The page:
Online threats and security

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OLPC is aware of online threats for its child owners, and takes these matters seriously. There is no one magic solution to all these problems, and no system can ever be perfectly protected, so continued work will always be necessary. However, certain decisions at the root of the OLPC design make these dangers less than they would be with other computers. An XO laptop is naturally far safer for a child's use than a standard Windows machine with antivirus installed.

The threats can be divided into 3 basic categories: malicious programs or "malware" (viruses, trojans, worms, spyware, spambots, etc.); online child predators or other individual criminals; and online vices such as violent pornography. Still, it is important to remember that in the real world both threats and defenses, though they concentrate in one or the other of these areas, tend to overlap somewhat into the other two. This is good news, as it means that combining effective defenses has a multiplicative effect.

Malware protection, aka "Antivirus"

OLPC is based on a revolutionary security paradigm called Bitfrost. Unlike traditional antivirus, which scans the computer for an ever-growing list of known threats, Bitfrost relies on preventing any program at all from doing the harmful things a virus would do. Programs cannot access private data: the only files that they can "see" at all are their internal configuration files and files that the user has explicitly opened. (To accomplish this, the "open file" dialog, which can see all the users files, is managed by the OS, not by the application). Programs cannot start themselves without the user specifically deciding when that should happen. Programs can copy themselves, but they cannot give the breath of life to that copy, so it becomes merely a file on the disk. Programs which use the camera or microphone are prohibited from using the internet or mesh, unless specifically enabled to by the user. The result is that a "virus", even if one existed, could find very little damage to do.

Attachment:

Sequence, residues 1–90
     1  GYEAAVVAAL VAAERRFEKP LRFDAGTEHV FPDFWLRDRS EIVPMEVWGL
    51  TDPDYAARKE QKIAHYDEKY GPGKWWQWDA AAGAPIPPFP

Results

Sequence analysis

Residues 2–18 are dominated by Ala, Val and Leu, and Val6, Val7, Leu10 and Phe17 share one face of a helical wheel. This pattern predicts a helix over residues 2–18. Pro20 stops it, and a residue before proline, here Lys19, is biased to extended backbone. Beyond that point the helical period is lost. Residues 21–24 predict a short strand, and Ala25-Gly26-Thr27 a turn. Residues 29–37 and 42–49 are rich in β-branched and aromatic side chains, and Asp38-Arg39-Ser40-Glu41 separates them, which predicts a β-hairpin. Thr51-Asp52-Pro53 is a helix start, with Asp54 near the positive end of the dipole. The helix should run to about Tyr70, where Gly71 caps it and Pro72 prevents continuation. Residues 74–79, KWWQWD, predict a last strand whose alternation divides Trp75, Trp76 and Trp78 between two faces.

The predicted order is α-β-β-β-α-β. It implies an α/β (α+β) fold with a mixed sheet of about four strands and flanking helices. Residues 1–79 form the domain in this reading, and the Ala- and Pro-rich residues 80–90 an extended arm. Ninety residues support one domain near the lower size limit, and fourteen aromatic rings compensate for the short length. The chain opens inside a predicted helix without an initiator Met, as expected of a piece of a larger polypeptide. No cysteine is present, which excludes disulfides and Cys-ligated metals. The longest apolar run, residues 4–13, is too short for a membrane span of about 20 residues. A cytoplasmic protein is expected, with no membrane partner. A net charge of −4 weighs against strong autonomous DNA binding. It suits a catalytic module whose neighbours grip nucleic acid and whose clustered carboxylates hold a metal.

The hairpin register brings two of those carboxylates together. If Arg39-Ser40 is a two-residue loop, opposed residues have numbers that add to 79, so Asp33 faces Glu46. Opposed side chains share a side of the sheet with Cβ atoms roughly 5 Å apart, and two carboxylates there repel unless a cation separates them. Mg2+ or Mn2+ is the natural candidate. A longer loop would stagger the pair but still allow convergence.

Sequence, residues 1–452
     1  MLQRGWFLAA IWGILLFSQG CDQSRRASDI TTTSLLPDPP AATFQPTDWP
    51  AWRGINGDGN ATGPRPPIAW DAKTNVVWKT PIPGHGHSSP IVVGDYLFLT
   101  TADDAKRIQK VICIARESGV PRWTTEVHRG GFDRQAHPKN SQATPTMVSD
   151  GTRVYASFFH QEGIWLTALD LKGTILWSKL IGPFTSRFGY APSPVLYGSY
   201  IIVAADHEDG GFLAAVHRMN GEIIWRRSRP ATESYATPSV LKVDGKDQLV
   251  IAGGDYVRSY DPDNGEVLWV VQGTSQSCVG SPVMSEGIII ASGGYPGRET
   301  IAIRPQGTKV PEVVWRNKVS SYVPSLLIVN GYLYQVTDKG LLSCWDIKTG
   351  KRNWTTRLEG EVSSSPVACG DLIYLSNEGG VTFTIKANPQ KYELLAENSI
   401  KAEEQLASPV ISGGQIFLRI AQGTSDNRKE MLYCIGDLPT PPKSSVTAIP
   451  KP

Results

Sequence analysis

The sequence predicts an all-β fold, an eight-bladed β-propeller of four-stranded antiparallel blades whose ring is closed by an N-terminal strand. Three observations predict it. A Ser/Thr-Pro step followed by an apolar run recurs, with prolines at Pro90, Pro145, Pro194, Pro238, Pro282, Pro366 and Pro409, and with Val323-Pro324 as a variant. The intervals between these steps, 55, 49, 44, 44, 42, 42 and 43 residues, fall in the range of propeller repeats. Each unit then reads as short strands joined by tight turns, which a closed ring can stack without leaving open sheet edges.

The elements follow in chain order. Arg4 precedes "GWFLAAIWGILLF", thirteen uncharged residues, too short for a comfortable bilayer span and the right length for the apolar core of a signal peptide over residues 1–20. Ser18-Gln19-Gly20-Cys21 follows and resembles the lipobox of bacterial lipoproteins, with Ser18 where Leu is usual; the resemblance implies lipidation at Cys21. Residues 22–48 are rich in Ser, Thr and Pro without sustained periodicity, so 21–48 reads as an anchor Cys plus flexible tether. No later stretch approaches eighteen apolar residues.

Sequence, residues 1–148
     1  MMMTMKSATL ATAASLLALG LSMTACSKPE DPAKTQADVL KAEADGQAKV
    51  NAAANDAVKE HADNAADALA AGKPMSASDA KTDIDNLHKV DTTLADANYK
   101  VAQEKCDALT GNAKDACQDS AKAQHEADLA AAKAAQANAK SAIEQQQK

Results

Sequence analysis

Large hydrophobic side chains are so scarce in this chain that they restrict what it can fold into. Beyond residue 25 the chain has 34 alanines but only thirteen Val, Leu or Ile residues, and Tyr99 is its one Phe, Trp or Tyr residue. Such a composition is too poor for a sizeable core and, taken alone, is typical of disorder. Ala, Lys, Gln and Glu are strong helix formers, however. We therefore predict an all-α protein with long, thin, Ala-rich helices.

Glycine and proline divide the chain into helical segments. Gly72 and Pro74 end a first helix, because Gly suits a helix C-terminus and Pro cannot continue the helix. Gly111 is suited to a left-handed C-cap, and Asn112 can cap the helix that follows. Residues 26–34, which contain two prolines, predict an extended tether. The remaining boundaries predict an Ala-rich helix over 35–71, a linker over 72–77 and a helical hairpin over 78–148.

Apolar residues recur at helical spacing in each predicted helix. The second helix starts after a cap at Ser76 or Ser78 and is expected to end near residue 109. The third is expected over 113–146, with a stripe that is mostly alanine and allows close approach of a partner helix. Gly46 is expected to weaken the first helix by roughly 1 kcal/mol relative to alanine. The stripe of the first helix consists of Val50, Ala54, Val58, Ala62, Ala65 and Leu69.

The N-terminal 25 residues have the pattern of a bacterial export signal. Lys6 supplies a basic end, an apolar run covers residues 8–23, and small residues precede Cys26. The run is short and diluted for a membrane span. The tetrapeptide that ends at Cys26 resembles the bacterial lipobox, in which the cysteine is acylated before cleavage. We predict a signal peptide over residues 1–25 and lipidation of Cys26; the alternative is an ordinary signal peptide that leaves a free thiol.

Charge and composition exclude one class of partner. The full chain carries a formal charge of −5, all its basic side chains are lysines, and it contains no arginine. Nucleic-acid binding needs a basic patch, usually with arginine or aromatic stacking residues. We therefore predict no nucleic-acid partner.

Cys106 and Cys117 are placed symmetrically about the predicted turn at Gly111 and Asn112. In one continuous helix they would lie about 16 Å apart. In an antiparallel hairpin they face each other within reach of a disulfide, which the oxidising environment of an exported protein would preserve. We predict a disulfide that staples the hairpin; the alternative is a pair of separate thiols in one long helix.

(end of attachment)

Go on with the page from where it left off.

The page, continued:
As an additional privacy guard, a light turns on whenever the microphone or camera are enabled. This is governed by hardware, and cannot be disabled by any program, even the OS.

All of these revolutionary security measures are in addition to the proven security record of the underlying Linux OS, a record considerably better than that of any version of Windows and comparable to that of MacOS. The result is a platform which, even in the hands of a child, is probably more secure than anything other general-purpose computer not administered by a security expert.

Online predators and criminals

Although there is no doubt that this issue is often overblown in the media, it is something that OLPC takes seriously. There is no official OLPC position on this issue, but certain principles apply:

- The best protections will always be education and a trusting relationship with reliable adults.

- There are often trade offs between protection and freedom, and if the laptop is to be useful, freedom must have a higher overall priority, though there may be appropriate exceptions.

- A predator who is physically nearby, in the mesh, will be visible to all users, and there are various possibilities for detecting the activities of such a person. Anyone who continued such activity would probably be risking physical capture, which would have dangerous consequences for them anywhere in the world.

- As mentioned above, the strong malware security of the OLPC does grant some protection against these threats too.

- OLPC is interested in solutions to these problems. If you have any ideas, share them with us, or, better yet, help us to implement them!

Online vices (Pornography, hate sites)

The first large-scale in-country deployment of XO's is using Dansguardian to filter the web at the server. This is content-based, not blacklist-based, so it is a more secure solution than many filters. (see Ivan Krstic's blog for more details). However, it can not be ironclad, as some children will be able to access the Internet by attaching directly to a nearby private wireless router instead of the government-provided servers. It is also not available to purchasers of G1G1 machines in the first world.

Also, in general, most of the same principles apply as with online predators, above.

In 2009, Paraguay is using Squidguard, http://wiki.paraguayeduca.org/index.php/Squidguard.

Birmingham, Alabama uses OpenDNS, http://www.opendns.com/solutions/k12/. See XS_Installing_Software#Internet_Filtering for assistance on configuration.

Related Pages

See Safe XO use and What links here.

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